Why does it matter to us, you might ask, what kind of emotions we ascribe to God, to a God who is obviously more than any of our human labels? In the 21st century, do we really still need this story of a God who gets angry and feels remorse and makes loving promises like a human parent? I believe that we do. For what we believe about God has a direct relationship to what we believe about ourselves and our world. Just as we project human emotions onto God, we pull down divine judgments onto ourselves and our neighbors. If God destroys and punishes, we are encouraged to do the same. The Christians who claimed that the flooding from Hurricane Katrina was divine judgment on the citizens of New Orleans for their iniquity were like me in preschool chapel—so caught up in sin and guilt that they forgot about the rainbows. On the other hand, if our God takes risks in loving creation, so must we. As David Lose writes, “If God, who alone has the right to despair, judge, or destroy, surrenders [that right], might not we who have tasted this mercy look upon all persons and all things as inherently worthwhile, that is, as those things that God has called worthy?”[1]
          I recently heard author Diana Butler Bass talking online about her most recent book, Christianity After Religion, and she was naming some of the things in the last decade that have turned Americans off of Church: the sex abuse scandal in the Catholic Church, the nasty in-fighting of Episcopalians over Bishop Gene Robinson’s election, the violence of the Muslim terrorists on September 11 …. Unlike God, in our actions and reactions, we have both given up on ourselves because of our sinfulness and we have been unwilling to see and respond in love to the worth and dignity of every human being. We Christians have earned the reputation described in a new Lenten hymn: “we often sing that you are our delight, then we go shouting words that sting, we bicker and we fight. Oppressing others for our gain, we put our interests first. We overlook our neighbor’s pain while praying here in church.”[2] In other words, we hold up ashes, while rainbows dance across our foreheads.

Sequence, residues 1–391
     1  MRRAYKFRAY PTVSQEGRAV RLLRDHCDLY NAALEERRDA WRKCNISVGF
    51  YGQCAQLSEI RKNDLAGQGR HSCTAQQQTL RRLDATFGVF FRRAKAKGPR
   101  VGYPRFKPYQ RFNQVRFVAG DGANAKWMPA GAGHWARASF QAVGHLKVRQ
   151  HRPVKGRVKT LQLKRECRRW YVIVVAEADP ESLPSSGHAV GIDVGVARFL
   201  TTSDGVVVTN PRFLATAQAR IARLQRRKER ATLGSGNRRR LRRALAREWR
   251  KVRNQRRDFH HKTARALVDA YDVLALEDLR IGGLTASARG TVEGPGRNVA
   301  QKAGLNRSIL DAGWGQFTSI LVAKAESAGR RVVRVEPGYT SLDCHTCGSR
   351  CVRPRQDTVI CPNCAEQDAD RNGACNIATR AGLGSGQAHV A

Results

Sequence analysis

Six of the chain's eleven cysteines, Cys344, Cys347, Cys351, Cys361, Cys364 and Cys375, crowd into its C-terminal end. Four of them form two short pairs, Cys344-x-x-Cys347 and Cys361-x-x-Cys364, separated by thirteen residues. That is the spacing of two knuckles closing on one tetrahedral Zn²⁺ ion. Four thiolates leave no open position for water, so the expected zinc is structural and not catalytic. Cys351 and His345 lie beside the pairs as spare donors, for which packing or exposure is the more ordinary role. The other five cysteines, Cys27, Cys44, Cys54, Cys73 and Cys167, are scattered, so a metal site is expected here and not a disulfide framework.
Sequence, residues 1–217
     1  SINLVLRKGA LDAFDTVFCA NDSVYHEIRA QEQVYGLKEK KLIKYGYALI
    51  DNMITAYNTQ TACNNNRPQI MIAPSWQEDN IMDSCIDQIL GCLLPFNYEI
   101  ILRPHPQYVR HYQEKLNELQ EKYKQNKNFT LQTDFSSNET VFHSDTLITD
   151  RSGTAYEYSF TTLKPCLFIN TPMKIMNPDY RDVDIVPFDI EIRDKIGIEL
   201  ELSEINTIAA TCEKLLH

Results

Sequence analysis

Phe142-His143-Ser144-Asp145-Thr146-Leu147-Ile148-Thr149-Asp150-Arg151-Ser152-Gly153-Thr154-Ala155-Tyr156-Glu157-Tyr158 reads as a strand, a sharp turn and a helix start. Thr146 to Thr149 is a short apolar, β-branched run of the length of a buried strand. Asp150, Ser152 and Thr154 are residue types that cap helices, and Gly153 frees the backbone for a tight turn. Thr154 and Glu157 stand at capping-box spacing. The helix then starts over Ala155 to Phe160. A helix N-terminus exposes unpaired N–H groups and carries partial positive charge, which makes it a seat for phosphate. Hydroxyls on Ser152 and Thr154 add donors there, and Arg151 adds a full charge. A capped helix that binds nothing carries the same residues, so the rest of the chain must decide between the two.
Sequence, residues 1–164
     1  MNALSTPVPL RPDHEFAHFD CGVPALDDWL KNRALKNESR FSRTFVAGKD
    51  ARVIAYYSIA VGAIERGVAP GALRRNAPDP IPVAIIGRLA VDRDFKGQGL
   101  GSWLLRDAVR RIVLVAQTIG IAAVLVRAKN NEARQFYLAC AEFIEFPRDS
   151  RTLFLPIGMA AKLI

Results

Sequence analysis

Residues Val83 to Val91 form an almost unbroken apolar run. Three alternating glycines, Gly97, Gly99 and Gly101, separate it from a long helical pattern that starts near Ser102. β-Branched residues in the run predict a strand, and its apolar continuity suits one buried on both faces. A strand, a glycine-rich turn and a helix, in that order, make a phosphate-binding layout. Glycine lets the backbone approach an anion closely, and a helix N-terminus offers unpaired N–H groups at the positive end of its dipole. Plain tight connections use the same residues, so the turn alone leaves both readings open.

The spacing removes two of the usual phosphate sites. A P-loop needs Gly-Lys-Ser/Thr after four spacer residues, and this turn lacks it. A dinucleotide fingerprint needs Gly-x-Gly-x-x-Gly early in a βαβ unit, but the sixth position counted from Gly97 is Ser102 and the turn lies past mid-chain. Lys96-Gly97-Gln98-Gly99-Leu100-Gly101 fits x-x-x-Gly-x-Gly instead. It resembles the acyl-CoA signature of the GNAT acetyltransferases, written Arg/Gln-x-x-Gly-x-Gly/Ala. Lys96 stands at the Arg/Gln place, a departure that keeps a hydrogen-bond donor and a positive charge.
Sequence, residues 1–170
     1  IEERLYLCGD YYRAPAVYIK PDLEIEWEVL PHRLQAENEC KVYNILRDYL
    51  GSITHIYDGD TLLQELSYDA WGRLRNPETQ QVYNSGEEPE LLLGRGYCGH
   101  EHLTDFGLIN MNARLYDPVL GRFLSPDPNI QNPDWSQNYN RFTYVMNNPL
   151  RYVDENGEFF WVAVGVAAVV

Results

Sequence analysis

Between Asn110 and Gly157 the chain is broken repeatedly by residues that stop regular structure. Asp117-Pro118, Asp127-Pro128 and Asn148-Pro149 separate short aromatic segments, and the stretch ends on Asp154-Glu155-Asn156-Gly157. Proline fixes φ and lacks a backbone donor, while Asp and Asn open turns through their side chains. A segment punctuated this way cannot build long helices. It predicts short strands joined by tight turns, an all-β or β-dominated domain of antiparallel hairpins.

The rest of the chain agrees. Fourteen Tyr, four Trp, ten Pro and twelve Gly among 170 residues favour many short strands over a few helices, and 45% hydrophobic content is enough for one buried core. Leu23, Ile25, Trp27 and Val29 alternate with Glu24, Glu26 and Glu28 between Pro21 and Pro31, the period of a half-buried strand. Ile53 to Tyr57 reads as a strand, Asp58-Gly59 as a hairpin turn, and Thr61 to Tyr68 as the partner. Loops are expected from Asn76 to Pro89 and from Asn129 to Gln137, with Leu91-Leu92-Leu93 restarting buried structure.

This first week in Lent, I invite all of us to remember the rainbows: not as cheery signs pointing to a pot of gold at the end, but as self-inflicted wounds in the heart of God, inviting us to live lives of forgiveness, mercy, and self-giving love.

[1] David Lose, “Genesis 9:8-17” in Feasting on the Word: Year B, Volume 2, David Bartlett and Barbara Brown Taylor, eds., 31.
[2] “O God of Love, the Fast You Choose,” by Carolyn Winfrey Gillette, 2012.